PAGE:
Renaissance Fresco Detail, Palazzo Vecchio, Florence Italy

Renaissance grotesque decorations from one of the rooms of the Palazzo Vecchio in Florence

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Arches and Domes

Its All in the Crop

Transept Crossing Dome, Basilica of San Lorenzo, c. Florence, Italy. Building dates from the Renaissance, 15th century.. Frescoed ceiling painted by Vincenzo Meucci in 1742.

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Silent Sunday

Florentine Fountain

Fountain, Palazzo Vecchio, Florence, Italy

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Lines in Design

Horizontal Lines

The Baptistry, Florence, Italy

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Pastel Angels

Hark! the Herald Angels Sing

Four Musical Angels, Detail from Coronation of the Virgin triptych, 1430, by Giovanni di Marco also called ‘dal Ponte’ (1385-1437), tempera on wood,Galleria dell’Accademia

Four Musical Angels, a detail from Coronation of the Virgin triptych, c.1430, by Giovanni di Marco also called ‘dal Ponte’; tempera on wood. The triptych was part of a special exhibit on Florentine Painters from 1370-1430 at the Galleria dell’Accademia in Florence, Italy. The altarpiece belonged to the Monte di Pietà in Florence and is now housed at the Galleria. You might wonder how such a special worked ended up belonging to a charitable organization meant to serve the poor. I did a bit of research and found some interesting information on both the Monte di Pietà movement and also the organization in Florence.

The Coronation of the Virgin triptych, 1430, Giovanni de Marco also called ‘dal Ponte’

A Monte di Pietà is an institutional pawnbroker run as a charity in Europe beginning in the Renaissance; some still operate today. In 1462, the first recorded Monte di Pietà was founded in Perugia, Italy. Between 1462 and 1470, an estimated forty more were developed in Italian cities as an early form of organized charity to aid the less fortunate. Their intent was to reform money lending by providing an alternative to practices the Catholic church viewed as socially unacceptable. Many were organized and operated by the Catholic Church and offered financial loans at a moderate interest to those in need. Some were run as civic organizations by the cities. Basically charitable pawnshops, the Montes were to benefit the borrower and not the lender, and were viewed as a benevolent alternative to loans provided by moneylenders. The organization of the Monte di Pietà depended on acquiring a monte, a collection of voluntary, permanent donations from citizens and benefactors. The Monte di Pietà would then lend funds against an item of value. The term of the loan would be a year, and the amount lent equal about two-thirds of the value of the borrower’s item. Profits were used to pay operating expenses. The Florentine Monte di Pietà was established in 1496 and existed until the 19th century. Over the centuries, the charitable lenders began to make other loans and to take deposits. After the unification of Italy, many were merged with or purchased by banks or state run organizations. I couldn’t find much information on how many still exist in Italy, though there is an operational organization in Malta. The following excerpt below is an interesting perspective on the Florentine Monte di Pietà. It is unclear where the office in which this triptych was displayed was located.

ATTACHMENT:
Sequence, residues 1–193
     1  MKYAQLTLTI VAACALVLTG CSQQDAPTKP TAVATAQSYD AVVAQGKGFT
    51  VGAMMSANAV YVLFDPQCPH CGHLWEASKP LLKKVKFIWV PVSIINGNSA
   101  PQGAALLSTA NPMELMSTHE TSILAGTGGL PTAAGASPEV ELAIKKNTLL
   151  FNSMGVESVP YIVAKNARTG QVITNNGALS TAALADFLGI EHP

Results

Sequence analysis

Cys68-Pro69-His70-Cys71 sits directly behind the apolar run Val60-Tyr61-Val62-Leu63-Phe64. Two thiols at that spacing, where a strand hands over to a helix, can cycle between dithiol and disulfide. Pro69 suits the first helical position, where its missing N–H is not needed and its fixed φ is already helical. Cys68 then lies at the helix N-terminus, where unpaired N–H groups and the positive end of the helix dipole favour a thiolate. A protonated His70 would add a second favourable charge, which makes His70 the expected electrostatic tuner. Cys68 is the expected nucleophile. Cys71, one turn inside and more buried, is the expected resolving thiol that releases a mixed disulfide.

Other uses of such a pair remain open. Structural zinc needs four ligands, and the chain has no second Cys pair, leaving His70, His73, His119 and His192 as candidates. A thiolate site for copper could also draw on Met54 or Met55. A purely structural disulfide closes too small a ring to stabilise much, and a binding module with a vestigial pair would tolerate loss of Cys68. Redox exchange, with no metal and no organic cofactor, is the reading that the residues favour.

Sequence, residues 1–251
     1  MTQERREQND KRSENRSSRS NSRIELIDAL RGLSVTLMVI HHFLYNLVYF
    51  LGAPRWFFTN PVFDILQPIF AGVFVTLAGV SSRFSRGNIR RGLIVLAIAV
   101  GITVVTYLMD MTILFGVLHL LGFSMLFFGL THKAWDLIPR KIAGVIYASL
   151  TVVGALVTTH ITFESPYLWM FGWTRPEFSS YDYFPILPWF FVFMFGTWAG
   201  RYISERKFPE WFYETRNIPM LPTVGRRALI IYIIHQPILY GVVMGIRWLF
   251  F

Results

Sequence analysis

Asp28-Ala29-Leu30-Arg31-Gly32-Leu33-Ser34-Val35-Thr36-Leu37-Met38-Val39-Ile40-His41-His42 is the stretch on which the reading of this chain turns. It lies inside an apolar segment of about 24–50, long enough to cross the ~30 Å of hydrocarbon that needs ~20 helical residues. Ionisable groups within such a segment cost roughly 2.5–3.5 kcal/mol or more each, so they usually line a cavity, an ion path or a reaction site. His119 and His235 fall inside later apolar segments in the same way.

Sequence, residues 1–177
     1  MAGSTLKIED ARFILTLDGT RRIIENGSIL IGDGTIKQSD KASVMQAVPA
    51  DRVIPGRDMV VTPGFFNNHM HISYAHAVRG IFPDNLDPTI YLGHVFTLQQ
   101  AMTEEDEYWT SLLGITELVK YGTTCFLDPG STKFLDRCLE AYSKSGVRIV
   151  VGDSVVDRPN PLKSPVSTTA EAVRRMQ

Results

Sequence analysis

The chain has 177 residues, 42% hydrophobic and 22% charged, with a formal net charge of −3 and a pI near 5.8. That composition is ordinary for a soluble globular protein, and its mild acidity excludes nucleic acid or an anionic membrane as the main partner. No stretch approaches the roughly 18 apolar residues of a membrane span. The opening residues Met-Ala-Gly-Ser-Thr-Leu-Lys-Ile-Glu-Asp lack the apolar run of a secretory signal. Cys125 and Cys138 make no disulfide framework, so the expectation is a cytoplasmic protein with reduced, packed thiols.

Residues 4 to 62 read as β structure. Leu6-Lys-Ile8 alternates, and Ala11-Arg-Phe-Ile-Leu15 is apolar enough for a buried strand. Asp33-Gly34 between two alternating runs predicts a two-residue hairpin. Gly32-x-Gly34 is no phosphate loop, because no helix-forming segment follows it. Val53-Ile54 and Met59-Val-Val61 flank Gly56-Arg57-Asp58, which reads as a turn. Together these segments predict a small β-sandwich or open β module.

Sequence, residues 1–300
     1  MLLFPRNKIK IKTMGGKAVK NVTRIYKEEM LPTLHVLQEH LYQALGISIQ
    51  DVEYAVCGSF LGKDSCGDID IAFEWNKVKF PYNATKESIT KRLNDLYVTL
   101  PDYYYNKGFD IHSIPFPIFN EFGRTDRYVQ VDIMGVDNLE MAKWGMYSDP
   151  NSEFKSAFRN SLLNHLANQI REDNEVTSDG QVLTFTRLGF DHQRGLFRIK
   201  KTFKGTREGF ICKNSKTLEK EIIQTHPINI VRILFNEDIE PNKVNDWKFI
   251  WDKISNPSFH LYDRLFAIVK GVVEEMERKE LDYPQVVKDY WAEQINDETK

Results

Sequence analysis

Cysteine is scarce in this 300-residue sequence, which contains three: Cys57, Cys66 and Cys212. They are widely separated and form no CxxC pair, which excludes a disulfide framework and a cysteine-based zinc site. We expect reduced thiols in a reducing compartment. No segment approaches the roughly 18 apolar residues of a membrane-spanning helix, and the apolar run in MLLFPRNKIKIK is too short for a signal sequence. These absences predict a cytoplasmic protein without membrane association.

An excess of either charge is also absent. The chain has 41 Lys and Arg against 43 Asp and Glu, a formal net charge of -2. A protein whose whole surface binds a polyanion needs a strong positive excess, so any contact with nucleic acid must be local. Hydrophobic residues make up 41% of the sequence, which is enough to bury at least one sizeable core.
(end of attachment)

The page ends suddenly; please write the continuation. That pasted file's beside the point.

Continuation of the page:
From Charity and State in Late Renaissance Italy: The Monte Di Pietà of Florence, by Carol Bresnahan Menning, Cornell University Press, 1993:

“In the minds of its founders, there was no doubt about the purpose of the Florentine monte di pietà: it had been created, in the words of the statutes, “to be able to lend against pawns to poor persons with as little interest as possible.” Until its demise in the nineteenth century with Italian unification, the monte di pietà continued to accept pawns and to offer low-cost small loans. Yet less than half a century after its founding in 1496, the monte also began to undertake other functions far different from those envisioned by its founders and to serve social groups other than the poor. By the late 1530s it agreed to pay 5 percent interest on deposits and by the next decade it was flooded with income, the bulk of which came from middle-class persons seeking a safe if conservative investment. the establishment’s liquidity quickly attracted the attention of Duke Cosimo I de’ Medici who, seeing the monte, as his son and heir Francesco bluntly put it, “abounding in money,” used its resources to finance loans to himself, his family, and friends. the duke’s personal, dynastic, and public financial schemes were, in essence, subsidized by the monte di pietà, which was in turn supported by its poor clientele and its middle-class depositors.”

For further information on the history and the demise of the Monte, the following links are interesting:

The Untimely Demise of a Successful Institution: the Italian Monti di Pieta in the Nineteenth Century”